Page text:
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How Small Businesses Can Respond to the Rise in Inflation


In the midst of the world bouncing back from the COVID-19 pandemic, the U.S. is facing high levels of inflation, with levels currently at 8.5%. Though not necessarily a sign of a weak or struggling economy, with target rates being between 2% to 3%, small businesses can face trouble when inflation shoots up. However, small businesses can use different strategies now to get through this, and implement preventative measures to help adapt and thrive during future troubles.

What Caused the Recent Increase?

As one may expect, it is largely due to the pandemic and the aftermath of the world beginning to reopen. From the beginning of 2019, when COVID-19 began spreading, the first time inflation rose above 3% was in April 2021, and in each month following until the present day, there has been a fairly steady rise in inflation.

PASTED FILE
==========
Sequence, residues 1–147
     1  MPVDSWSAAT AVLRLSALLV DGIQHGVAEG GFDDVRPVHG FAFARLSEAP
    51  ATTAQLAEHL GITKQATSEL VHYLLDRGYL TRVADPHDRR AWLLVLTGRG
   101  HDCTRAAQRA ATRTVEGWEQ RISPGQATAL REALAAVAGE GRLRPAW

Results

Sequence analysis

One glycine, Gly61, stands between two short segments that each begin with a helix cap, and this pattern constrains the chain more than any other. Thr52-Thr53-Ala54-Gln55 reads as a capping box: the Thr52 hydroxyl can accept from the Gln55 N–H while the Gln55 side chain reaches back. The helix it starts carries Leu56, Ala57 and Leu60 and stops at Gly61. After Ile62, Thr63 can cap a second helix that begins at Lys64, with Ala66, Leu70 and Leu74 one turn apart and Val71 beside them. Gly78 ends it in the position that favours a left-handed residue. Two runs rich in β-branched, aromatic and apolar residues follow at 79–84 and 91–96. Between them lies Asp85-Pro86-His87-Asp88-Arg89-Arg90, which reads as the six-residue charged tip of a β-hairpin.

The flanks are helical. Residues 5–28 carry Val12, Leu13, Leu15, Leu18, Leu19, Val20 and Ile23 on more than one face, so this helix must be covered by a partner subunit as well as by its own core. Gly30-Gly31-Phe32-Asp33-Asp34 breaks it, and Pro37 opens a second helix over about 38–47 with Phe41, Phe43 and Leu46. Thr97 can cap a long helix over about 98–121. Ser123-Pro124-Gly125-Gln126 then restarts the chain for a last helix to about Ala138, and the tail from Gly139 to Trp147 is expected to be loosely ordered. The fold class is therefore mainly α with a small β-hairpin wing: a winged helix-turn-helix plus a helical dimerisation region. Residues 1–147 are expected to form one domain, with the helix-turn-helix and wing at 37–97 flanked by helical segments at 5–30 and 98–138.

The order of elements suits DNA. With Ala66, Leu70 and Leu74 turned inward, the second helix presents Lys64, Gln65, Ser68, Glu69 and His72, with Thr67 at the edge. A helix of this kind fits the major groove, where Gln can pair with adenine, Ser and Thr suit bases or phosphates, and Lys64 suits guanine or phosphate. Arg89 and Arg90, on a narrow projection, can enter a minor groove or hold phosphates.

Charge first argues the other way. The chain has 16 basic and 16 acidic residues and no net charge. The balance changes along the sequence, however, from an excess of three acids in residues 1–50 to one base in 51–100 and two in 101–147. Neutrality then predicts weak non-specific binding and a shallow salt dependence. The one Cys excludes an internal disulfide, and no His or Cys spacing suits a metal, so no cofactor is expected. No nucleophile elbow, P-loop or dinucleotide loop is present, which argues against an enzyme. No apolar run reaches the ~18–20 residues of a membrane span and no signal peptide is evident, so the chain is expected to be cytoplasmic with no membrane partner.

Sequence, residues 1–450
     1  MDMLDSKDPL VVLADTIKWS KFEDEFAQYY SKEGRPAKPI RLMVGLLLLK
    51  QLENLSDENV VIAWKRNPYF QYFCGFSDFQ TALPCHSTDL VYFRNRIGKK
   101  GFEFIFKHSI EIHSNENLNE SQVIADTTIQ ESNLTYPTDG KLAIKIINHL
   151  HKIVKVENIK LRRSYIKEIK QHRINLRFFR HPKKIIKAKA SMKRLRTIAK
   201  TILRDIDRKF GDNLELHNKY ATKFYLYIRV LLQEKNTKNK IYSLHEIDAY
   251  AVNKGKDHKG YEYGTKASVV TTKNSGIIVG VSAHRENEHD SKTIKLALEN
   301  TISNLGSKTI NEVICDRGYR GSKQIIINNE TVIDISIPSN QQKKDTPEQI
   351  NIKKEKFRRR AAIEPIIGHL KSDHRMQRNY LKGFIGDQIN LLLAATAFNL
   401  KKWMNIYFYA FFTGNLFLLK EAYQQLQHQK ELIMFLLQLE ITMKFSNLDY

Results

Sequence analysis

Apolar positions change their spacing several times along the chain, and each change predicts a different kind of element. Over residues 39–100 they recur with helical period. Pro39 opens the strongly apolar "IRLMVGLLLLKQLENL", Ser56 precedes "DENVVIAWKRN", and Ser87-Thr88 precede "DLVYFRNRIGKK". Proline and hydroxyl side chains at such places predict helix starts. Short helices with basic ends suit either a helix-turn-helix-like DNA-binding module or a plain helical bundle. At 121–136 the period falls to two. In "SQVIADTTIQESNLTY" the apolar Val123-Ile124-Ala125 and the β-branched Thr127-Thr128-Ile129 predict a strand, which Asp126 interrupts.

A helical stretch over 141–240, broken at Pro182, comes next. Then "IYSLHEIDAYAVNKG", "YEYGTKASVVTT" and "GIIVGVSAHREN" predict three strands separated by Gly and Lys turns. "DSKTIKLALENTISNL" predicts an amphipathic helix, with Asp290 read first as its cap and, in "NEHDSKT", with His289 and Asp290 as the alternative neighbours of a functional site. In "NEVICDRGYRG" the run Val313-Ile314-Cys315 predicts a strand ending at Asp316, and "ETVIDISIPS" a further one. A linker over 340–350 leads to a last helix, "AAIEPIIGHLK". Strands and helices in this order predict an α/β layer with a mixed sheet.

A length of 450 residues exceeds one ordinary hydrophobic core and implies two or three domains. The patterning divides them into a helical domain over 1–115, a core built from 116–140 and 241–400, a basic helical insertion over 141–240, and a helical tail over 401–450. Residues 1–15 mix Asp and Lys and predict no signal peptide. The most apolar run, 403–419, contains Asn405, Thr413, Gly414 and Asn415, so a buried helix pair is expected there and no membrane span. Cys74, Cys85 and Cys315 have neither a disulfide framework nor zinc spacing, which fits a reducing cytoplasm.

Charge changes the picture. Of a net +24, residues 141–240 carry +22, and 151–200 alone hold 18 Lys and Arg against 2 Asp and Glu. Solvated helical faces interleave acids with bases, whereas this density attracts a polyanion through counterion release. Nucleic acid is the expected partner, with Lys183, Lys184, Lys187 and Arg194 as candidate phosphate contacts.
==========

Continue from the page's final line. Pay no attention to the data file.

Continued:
With the surge in demand for goods and labor as the world and businesses began to reopen, this demand quickly outpaced supply. Since the world was still experimenting with different models of reopening, with countries trying a mix of fully closed, partially open, and fully open models, there were fluxes in virus transmission levels and instability in the duration businesses were open for and the capacity at which they operated at.

Naturally, this expanded into businesses critical for the supply chain, like the production of primary sector goods, factories manufacturing secondary sector goods, and shipping and transportation businesses. All of this combined resulted in shortages for other products and industries. As a result of very high demand and low supply, prices shot up, resulting in high inflation.

What Problems are Small Businesses Facing with the Rise in Inflation?